Costa Rica's Indigenous Tribes
Such a proud people rich in history and culture. .
Costa Rica has never had a thriving indigenous culture such as the strong and vast empires of the Mayan, Aztec or Inka peoples. The original Costa Rican people were culturally influenced by Mesoamerican tribes from Central America and also from northern South America, especially Colombia. Most indigenous groups lived on a simple subsistence economy and were ruled by a chief, called "Cacique". When the Spaniards arrived, many tribes moved their locations back into the mountains in order to avoid slavery and unfair taxation.
The first indigenous peoples of Costa Rica were hunters and gatherers. When the Spanish conquerors arrived, Costa Rica was quickly divided in two distinct cultural areas, due to its geographical location in the Intermediate Area, between Mesoamerican and the Andean cultures, with influences of both cultures weighing heavily on those involved.
The current main tribes here are as follows. . Gutatusos/Malekus , Chorotegas , Huetares , Cabecares , Bribri , Terrabas (Teribes) , Borucas (Bruncas) & Guaymies. . these are the 8 original tribes that inhabited Costa Rica for hundreds of years. If you do have an interest, there is a lot of information on line about each group. It is indeed very interesting reading.
The original Costa Rican Indian cultures did not leave many artifacts behind. Most are simple products, such as pottery and ornaments. Most prominent are the unique stone spheres that were found in the country´s Southern Zone, around Palmar Sur & Palmar Norte. Some of theses spheres weigh up to 25,000 pounds. No one knows yet how they were manufactured and transported, as well as for what use they were intended. There are many theories, but studies are still being done to see how, and why they were originally created!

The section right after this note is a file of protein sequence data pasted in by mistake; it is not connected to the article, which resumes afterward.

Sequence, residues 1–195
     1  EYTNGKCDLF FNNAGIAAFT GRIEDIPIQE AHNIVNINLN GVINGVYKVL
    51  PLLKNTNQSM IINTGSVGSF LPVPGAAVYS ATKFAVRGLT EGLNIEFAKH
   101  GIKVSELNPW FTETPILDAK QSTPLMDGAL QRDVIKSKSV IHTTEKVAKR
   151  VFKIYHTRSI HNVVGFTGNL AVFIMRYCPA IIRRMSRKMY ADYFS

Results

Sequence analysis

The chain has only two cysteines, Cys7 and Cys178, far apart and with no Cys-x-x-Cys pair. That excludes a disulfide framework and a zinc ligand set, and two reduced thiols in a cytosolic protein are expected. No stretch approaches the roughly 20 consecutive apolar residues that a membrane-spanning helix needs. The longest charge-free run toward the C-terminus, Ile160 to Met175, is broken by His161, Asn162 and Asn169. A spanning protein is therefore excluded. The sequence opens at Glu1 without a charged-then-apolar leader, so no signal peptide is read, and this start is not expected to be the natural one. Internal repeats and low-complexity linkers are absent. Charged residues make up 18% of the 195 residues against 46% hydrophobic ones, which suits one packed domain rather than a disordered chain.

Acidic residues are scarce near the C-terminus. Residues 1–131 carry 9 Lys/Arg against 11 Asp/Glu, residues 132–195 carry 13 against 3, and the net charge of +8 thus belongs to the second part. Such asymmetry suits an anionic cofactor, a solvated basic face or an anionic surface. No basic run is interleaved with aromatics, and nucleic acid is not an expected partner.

The destruction of the Indigenous tribes of Costa Rica was due mostly to diseases brought over from Europe, rather than genocide. Today, there are only about 120,000 indigenous people living in Costa Rica.
The increasing loss of territory is the major problem faced by Indigenous people and is the source of other difficulties, such as the lack of working educational systems. Eventually, everything affecting their identity is affected by changes of culture, economy and politics. Traditional practices continue to be deplored, even persecuted, as is the case for traditional medicine, indigenous religious beliefs and social customs. Slowly, their original languages and cultures are being taught in local schools, but there is still a very long way to go until the time comes that they reach full cultural independence.
The Indigenous Law of 1977 was established to curtail the loss of land of the indigenous population. Indigenous people were not educated properly and subsisted mainly on agriculture, thereby being strongly dependent on fluctuations of the market. A bad harvest could mean the loss of all resources. For example, an indigenous farmer has no money and buys seeds and food on credit from a Latino merchant in town. If the harvest is poor that year, the farmer will become insolvent and will have to pawn his land to the merchant. This is how these people lost so much of their land. The indigenous law was established to stop these processes.